Dr. Aliyu Sakariyau Alabi
Sakariyau Aliyu Alabi is a Senior Lecturer in the Department of History, Bayero University, Kano, Nigeria where he has been teaching the history of the Muslim World since 2008. He had his Masters in history from the University of Ilorin, Nigeria and for his terminal degree was at Universitiet Leiden, the Netherlands. Thesis title: “ Transmission of Learning in Modern Ilorin: A History of Islamic Education 1897-2012.” His doctoral thesis explored the history of Islamic education in Ilorin between 1897 and 2012 and how the ulama adapted to the changing times. His research interests include Islamic Education (particularly Nigerian context), Nigerian Intellectual History, identity and literary Publishing. He was a Cadbury fellow at the University of Birmingham between April and June 2016 where he worked on Adabiyya and Markaziyya modernization of Islamic education. He is also a literary activist with publications in prose, drama and poetry. He is the author of ÀFỌ̀NJÁ: A Historical Play (2018) under the pseudonym Sakky Jojo. He recently curated a poetry (advocatory) anthology (2021)‘Songs of Almajiri.’ In Bayreuth he will be working on new trends in Muslim learning in Ilorin from the turn of the millennium.
- Aliyu Sakariyau Alabi, ‘Impact of African Colonial Experience 1914 – 1940’ -in-
Toyin Falola and Mohammed Bashir Salau, (eds.) Africa in Global History, (Degruyter, 2021- in press)
- Parrésia and the Business of Publishing Contemporary Nigerian Literature- in- Eastern African Literary and Cultural Studies (2021 online)
- Aliyu Sakariyau Alabi,The Modernisation of Islamic Education in Ilorin: A Study
of the Adabiyya and Markaziyya Educational Systems-in- Islamic Africa 10 (2019) 75-97.
- Aliyu Sakariyau Alabi, ‘The Post-Colonial State and Islamic Education in Ilorin’ –
in- Annual Review of Islam in Africa Issue No. 14, 2017.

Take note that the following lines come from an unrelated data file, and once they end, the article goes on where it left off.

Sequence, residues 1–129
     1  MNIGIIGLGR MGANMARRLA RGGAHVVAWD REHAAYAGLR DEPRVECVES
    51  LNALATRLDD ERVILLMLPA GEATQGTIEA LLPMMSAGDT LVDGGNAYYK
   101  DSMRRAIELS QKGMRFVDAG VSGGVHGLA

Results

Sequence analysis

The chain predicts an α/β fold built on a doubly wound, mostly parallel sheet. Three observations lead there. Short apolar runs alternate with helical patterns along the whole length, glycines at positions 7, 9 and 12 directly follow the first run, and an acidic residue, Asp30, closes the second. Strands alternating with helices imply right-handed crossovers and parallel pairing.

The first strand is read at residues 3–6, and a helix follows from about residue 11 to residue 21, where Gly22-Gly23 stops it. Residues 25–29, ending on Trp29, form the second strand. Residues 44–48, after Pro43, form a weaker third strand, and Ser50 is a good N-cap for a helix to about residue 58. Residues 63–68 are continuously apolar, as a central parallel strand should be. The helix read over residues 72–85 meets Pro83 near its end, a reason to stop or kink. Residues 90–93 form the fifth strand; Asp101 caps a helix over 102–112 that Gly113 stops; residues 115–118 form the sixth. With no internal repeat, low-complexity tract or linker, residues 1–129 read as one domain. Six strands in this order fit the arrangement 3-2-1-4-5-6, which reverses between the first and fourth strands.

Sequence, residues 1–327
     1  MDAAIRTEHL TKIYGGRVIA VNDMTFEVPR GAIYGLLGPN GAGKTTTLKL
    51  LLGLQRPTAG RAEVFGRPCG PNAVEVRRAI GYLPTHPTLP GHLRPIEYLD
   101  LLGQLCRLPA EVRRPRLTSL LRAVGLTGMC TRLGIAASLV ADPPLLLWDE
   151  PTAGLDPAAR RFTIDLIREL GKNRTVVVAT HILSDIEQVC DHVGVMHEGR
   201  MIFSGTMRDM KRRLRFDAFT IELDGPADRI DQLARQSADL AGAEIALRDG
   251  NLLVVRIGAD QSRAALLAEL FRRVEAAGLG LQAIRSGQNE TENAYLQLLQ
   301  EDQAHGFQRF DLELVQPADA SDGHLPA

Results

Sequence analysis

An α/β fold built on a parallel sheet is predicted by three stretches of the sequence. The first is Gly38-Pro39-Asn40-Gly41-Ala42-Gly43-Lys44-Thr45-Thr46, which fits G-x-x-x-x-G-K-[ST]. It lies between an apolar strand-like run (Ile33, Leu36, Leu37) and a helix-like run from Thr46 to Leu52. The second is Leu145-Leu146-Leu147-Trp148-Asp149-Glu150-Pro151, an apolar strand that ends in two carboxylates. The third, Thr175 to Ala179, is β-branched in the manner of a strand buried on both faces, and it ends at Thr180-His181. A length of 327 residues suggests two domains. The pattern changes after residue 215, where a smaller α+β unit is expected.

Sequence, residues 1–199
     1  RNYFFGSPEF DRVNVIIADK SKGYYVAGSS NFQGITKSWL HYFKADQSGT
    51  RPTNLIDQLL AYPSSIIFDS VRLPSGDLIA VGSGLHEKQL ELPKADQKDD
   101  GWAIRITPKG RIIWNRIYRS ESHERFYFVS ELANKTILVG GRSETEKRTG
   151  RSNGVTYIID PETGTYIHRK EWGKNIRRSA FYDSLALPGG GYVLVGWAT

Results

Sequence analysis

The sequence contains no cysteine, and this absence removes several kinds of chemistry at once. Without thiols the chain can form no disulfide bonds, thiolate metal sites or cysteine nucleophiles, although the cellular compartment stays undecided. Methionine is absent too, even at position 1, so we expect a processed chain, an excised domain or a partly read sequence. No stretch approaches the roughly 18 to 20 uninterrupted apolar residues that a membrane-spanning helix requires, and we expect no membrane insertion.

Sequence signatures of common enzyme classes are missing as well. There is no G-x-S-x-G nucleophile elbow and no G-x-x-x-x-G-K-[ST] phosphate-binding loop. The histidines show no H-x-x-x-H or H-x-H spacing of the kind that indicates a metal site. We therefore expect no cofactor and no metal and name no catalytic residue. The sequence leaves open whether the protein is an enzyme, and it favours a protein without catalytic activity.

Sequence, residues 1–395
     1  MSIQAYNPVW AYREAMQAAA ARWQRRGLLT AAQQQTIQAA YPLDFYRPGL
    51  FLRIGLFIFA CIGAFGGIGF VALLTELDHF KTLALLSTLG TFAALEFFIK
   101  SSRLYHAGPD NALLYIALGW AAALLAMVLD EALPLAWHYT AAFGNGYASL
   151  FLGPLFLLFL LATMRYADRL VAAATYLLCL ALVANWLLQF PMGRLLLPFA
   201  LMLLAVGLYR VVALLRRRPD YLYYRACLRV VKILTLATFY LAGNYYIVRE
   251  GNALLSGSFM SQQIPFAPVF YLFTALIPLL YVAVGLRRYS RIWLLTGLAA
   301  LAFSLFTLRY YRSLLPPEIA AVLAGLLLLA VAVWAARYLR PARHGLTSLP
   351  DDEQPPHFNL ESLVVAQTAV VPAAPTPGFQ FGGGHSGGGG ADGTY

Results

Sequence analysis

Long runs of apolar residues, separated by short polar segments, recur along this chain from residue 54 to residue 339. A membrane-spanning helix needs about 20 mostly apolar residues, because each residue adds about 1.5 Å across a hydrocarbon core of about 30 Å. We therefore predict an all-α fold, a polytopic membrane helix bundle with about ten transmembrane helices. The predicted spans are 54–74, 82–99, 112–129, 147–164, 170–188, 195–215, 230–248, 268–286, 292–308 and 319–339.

- Aliyu Sakariyau Alabi, A Review of House of Wisdom- How the Arabs transformed Western Civilization, Journal of Muslim Minority Affairs, 34:3, 333-335. 2014.
Project title: No Longer ‘Christian’ Education: Ulama Edu-preneurship in Ilorin in the New Millennium
Western formal education in Africa generally has its roots in Christian missionary endeavours and colonial encounter. This was at first vehemently resisted in Muslim regions as Christianagenda aiming at conversion of Muslims. However, from the colonial period, Muslims also began to acquiesce and appreciate the values of western education, especially as it forms a new route for economic and social mobility. Early Christian lead in the attainment of western education had led to an imbalance in educational advancement between Muslims and Christians, leading to tension when it comes to assessment of formal benefits from government.
While resistance to western education is still a problem among the Hausa Muslims of northern Nigeria,in Ilorin, the Muslims have long come to accept western education.Scholars of Islam in Ilorin have been prominent promoters of western education, led by the Adabiyya in their accommodative way and in a critical manner by the Markaziyya.
A common theme in the studies of Muslims’ relations with the colonial-inspired education system is the resistance of Muslims to the then new system during the colonial period and even beyond. However, this research would complicate the understanding of these relations through the prism of a multiplicity of responses; from resistance, acquiescence and accommodation in the early encounter to appropriation of both western and Islamic systems in the new millennium. How empowering is education, Islamic and western, individually and collectively to Muslims? Why have Muslims, at different times, approached western education in a variety of ways and how has this rubbed off on the Islamic educational system?